Fargo evolved out of The Tuesday Club in 1968 and released one single on Capitol Records. Their Capitol recording was also produced by Marty Cooper. In 1969 the group released an LP on the RCA Label titled “I See It Now”. The final lineup for Fargo was a trio who included Decker along with drummer Bob and Dean Wilden. In 1969 they recorded an LP for RCA Victor titled “I See It Now”. Wilden and Holden remain active in music today and do stay in touch with each other.
Spencer Haywood – Basketball’s Pioneer
Spencer has the distinction of being the first college basketball player to come out of college early – prior to graduation to sign a professional contract. Haywood attended Trinidad Jr. College for a year in southern Colorado. He then became the high scorer for the U.S. Olympic Team in 1968 before transferring to The University of Detroit.
He entered the professional draft, but NBA rules prevented him from being drafted early. And so he entered the ABA in 1969 as a member of the Denver Rockets. Haywood lead the ABA in scoring and rebounding and was named Rookie of the Year after leading the Rockets to a Western Division Title. The Rockets advanced to the second round of the playoffs before falling to the L.A. Stars.
Spencer was also selected as MVP in the 1970 ABA All-Star Game. He jumped to the NBA in 1970 joining the Seattle Super Sonics. A legal battle ensued landing in the Supreme Court – and finally being settled in his favor. Haywood went on to appear in several NBA All Star Games. Sadly, his career was cut short by drug addiction.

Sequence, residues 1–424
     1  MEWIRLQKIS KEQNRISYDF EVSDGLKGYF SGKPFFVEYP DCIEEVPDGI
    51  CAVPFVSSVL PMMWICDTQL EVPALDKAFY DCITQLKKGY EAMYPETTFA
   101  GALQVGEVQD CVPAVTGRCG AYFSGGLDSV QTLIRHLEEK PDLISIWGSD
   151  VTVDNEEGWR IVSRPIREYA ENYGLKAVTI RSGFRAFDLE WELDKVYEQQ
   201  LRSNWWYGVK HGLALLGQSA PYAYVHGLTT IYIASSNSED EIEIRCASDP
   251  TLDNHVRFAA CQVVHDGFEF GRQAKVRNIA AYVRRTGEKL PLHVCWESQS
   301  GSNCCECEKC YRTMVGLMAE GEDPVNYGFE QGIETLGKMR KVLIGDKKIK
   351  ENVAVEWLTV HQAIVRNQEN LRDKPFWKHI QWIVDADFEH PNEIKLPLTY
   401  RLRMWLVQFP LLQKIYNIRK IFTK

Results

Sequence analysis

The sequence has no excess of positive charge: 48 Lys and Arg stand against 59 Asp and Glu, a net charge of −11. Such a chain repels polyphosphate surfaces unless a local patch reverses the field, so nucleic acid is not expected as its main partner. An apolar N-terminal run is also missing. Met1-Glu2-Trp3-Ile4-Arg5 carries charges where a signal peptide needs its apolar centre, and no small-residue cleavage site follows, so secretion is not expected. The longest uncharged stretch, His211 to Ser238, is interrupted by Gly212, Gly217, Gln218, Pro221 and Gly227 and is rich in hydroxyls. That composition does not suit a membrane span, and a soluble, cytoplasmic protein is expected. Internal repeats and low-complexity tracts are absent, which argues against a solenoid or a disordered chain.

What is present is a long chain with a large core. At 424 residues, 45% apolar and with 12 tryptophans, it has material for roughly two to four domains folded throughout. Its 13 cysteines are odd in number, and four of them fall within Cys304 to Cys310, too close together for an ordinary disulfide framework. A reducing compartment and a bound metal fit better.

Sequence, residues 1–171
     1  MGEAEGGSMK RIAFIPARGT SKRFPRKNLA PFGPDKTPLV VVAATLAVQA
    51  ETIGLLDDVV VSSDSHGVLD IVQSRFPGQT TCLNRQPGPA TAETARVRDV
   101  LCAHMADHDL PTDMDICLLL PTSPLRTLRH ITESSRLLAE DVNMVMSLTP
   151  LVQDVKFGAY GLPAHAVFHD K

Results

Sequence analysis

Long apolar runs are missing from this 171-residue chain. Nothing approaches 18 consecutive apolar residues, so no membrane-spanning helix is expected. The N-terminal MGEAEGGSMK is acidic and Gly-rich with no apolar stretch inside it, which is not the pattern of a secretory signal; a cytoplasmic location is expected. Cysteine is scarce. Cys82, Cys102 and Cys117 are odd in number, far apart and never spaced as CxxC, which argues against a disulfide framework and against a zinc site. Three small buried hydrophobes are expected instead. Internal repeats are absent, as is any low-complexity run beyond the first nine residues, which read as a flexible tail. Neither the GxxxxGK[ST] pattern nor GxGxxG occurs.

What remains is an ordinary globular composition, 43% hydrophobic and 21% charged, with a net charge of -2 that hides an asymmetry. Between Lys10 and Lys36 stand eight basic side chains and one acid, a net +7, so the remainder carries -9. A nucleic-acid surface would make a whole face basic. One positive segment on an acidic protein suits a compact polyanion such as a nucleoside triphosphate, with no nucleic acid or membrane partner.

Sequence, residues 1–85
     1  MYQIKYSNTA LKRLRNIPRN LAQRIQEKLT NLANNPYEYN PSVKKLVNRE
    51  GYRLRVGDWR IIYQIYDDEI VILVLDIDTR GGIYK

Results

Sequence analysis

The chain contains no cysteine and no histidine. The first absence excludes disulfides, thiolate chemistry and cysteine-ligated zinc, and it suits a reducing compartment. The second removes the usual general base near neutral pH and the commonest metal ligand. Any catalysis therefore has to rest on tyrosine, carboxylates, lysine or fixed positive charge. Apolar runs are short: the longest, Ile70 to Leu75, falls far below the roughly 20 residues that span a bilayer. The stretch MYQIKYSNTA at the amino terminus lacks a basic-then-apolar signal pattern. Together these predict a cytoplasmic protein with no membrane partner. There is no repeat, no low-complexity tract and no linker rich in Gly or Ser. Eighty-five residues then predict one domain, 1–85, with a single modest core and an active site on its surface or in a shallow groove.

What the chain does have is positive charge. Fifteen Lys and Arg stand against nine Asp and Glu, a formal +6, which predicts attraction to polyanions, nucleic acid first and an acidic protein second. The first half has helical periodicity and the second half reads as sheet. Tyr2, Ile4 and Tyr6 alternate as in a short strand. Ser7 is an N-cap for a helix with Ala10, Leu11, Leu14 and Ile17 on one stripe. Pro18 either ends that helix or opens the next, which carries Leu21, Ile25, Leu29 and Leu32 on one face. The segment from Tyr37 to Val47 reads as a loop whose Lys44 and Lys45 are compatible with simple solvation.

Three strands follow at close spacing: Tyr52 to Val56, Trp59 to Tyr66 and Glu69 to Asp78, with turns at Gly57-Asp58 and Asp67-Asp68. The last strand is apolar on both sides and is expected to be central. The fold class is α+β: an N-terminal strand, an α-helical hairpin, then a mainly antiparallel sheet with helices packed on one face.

However, Haywood’s journey opened the door for all future players to sign professional contracts before or during college.
The Next Pioneer – Ralph Simpson
Ironically, Haywood’s high school teammate in Detroit, Ralph Simpson, also broke out of college early also joining the Denver Rockets and becoming the second player to do so coming out of Michigan State college after two years. He remained with the Rockets until they merged with the NBA at which time he joined his home town Detroit Pistons.
Simpson would return to Denver as a Nugget a few years later but his production fell off dramatically. He played for a short time with the Philadelphia 76ers and finally the New Jersey Nets before retiring in 1980.